Republicans have been funneling all manner of issues to judges they know are sympathetic and unreasonable; for example, there’s a 5th district court in northern Texas where sanity reliably goes to die.
This is where the Trump judge overturned the abortion pill’s approval from the FDA, an federal organization over which he does not have oversight.
Senate Majority Leader Chuck Schumer (D-NY) is calling it out and pushing to end the “dangerous practice.”
In a letter sent to PoliticusUSA by the Leader’s press office, the Senate Majority Leader pointed out that “litigants can now effectively choose which judge will hear their cases, undermining free and fair trials” and urged the Chief Judge of the U.S. District Court for the Northern District of Texas, David Godbey, to reform the District Court’s method of assigning cases.
Schumer highlighted the math, which does look blatantly unfair, “Even though there are 16 total judges who could hear cases, many divisions of the District have only one or two judges who will be assigned if a civil case is filed there. Plaintiffs have taken unfair advantage of this practice to hand-pick district judges who they see as sympathetic to their cases.”
The only way Republicans could have found a judge Right wing enough to try to muscle out the FDA, without knowledge or expertise on the issue, no less – was to find a Trump-appointed judge with a history of (some of it hidden in the lead up to his confirmation) far right activism on the issue of abortion and LBGTQ rights.
They found that man in Judge Matthew Kacsmaryk, a controversial appointee with a history of hostility to the LGBTQ community and to women’s health and now the only U.S. district judge in the Amarillo division of the Northern Texas District.
Schumer took issue with the fact that because Kacsmarky is the only judge in that division, any case filed there will be assigned to him. That’s functioning like picking a favorable decision rather than assigning a case.
“Currently, Judge Kacsmarky is the only judge in the Amarillo Division and subsequently any case filed there will necessarily be assigned to him. In his past rulings, Kacsmarky has shown himself to be sympathetic to the anti-abortion movement, and it is clear that he was targeted specifically for this purpose. His ruling was unprecedented – marking the first time a judge has taken a drug off the market against the objections of the FDA.”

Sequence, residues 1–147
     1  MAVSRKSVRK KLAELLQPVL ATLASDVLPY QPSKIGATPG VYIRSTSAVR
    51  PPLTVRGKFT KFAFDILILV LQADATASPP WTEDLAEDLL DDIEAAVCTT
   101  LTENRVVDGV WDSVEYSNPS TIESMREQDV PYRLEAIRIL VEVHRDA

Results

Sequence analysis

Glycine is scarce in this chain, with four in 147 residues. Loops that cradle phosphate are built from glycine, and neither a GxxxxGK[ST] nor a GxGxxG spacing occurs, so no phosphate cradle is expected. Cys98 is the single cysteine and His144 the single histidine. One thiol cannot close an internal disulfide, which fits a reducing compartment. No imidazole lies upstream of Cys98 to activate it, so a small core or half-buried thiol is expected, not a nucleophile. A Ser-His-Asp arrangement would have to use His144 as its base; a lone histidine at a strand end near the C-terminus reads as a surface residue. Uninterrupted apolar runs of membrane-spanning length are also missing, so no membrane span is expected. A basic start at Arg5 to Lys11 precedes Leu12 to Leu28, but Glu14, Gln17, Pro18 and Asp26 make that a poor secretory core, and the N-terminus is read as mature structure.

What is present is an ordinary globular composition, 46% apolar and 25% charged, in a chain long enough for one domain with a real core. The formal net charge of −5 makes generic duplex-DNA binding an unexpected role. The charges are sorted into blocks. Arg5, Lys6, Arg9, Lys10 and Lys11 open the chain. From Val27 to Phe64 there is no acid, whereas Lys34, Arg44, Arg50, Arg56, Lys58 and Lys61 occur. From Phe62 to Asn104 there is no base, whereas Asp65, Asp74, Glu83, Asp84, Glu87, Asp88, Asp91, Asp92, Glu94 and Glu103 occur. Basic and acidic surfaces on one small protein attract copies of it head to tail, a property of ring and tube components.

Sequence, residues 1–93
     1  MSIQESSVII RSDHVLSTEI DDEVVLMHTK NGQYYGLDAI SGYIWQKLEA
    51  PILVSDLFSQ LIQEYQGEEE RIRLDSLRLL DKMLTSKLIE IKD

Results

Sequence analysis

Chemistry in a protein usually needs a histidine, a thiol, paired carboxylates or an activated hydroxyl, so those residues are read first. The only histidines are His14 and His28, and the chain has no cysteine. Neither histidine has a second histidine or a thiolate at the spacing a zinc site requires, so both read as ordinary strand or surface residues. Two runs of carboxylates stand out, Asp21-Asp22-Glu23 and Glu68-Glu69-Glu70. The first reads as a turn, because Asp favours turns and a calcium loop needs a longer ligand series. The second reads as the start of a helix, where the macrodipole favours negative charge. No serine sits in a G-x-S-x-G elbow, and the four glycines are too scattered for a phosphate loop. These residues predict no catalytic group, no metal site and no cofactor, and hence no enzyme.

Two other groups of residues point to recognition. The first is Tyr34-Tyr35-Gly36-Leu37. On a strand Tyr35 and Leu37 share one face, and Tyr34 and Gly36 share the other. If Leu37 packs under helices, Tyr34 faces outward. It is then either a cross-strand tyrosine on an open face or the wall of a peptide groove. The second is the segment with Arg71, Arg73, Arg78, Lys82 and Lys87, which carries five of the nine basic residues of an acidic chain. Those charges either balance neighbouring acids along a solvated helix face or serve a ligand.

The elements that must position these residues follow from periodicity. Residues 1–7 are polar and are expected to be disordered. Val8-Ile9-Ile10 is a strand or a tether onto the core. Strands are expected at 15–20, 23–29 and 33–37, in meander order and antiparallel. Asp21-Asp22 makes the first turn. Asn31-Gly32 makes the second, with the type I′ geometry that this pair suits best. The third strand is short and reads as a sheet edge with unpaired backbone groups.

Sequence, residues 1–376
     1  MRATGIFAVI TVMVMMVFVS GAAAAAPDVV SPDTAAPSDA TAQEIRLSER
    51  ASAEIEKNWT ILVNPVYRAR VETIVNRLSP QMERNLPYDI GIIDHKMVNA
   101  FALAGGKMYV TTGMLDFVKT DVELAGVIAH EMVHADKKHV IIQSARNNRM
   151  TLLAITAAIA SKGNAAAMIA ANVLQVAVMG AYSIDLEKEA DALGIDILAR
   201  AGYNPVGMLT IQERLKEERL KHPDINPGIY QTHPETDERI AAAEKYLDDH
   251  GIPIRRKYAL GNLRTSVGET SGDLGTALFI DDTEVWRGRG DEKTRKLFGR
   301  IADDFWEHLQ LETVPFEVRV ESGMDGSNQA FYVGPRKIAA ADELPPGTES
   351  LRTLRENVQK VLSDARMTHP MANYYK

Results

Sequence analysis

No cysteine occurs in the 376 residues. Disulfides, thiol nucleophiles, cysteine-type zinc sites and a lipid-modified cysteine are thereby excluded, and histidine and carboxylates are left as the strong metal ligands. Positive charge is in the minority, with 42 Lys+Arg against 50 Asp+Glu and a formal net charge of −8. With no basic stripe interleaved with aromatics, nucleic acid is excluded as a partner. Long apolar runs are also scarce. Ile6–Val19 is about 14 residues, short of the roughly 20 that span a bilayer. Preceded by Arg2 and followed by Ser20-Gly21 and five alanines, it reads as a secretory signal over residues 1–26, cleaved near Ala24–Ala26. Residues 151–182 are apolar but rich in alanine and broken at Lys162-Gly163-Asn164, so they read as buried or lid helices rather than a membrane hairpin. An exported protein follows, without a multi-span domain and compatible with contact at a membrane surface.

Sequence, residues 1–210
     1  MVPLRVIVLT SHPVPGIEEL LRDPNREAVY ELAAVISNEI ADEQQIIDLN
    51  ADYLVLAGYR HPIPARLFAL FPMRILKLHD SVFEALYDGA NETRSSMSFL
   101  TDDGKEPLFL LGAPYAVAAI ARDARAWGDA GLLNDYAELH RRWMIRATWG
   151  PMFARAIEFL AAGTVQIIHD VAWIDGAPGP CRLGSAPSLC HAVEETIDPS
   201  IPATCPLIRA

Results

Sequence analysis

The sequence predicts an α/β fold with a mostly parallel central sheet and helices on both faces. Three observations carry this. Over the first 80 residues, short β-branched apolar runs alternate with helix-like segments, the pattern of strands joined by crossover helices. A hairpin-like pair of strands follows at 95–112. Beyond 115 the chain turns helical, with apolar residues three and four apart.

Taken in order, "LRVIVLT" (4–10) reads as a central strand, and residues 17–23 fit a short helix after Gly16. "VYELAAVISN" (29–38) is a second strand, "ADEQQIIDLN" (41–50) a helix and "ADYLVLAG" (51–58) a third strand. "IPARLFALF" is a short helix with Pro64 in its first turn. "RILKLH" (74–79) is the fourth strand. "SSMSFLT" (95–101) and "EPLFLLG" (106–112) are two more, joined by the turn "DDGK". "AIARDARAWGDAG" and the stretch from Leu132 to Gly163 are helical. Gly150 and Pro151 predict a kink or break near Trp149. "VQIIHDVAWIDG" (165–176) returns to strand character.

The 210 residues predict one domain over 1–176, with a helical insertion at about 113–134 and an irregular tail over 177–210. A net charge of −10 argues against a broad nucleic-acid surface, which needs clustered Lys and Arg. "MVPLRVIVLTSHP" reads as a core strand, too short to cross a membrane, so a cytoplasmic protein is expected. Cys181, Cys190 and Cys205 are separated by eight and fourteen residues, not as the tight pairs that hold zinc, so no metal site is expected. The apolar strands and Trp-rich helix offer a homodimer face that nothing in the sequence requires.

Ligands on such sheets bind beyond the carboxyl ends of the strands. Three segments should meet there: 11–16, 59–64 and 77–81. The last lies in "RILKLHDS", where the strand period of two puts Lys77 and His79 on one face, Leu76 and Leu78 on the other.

Schumer then pointed out that there is no legal requirement to function this way, citing recent precedent in Texas due to judge shopping concerns, “Last year, the Western District of Texas changed its case-assignment rules for patent cases filed in Waco.”
The Democratic Leader also pointed out that other districts “– such as the Northern District of New York – assign cases randomly among all district judges currently serving.”
The judge shopping has gotten out of control in Texas to the extent that the Department of Justice has accused Texas of funneling its litigation against the Biden administration to courthouses “– often in remote parts of the state – where a single, pre-determined judge is assigned most or all of the cases.”
That sounds like the opposite of justice.
The Department of Justice made that point in a brief filed February 28, 2023 (edited for clarity and brevity):
The Office of the Attorney General of Texas has now admitted that it filed this case in the Victoria Division to ensure it would be heard by Judge Tipton: “The case is being filed in Victoria, quite frankly, Your Honor, because of our experience with you.”
Plaintiffs have “handpicked [a particular judge] to decide the particular case or motion in question.”
That admission is critical. “Judge-shopping doubtless disrupts the proper functioning of the judicial system.” Standing Comm. on Discipline of U.S. Dist. Ct. for Cent. Dist. of California v. Yagman…
“It does so by “contraven[ing] the very purpose of random assignment, which is to prevent judge-shopping by any party, thereby enhancing public confidence in the assignment process.” Coates v. SAIA Motor Freight Line, LLC.
The Justice Department has lost two “judge shopping” cases in Texas, the second one being the Kacsmaryk abortion pill case.
The Washington Post explained in March how judge shopping works to get the desired outcome, “In the three lawsuits over Biden administration policies, the attorneys general for Texas and a group of other states filed in rural federal courthouses, each staffed by a lone judge with a reputation for ruling against Democratic administration policies. In contrast, most federal court divisions across the country include multiple judges, who are assigned at random to cases as they are filed.”
At risk of repeating myself, conservatives have literally taken classes at CPAC from Hungary’s Prime Minister Viktor Orban on how to achieve autocratization in a free, democratic country. (The instruction is deliberately mislabeled, it’s not admitting its true goal.)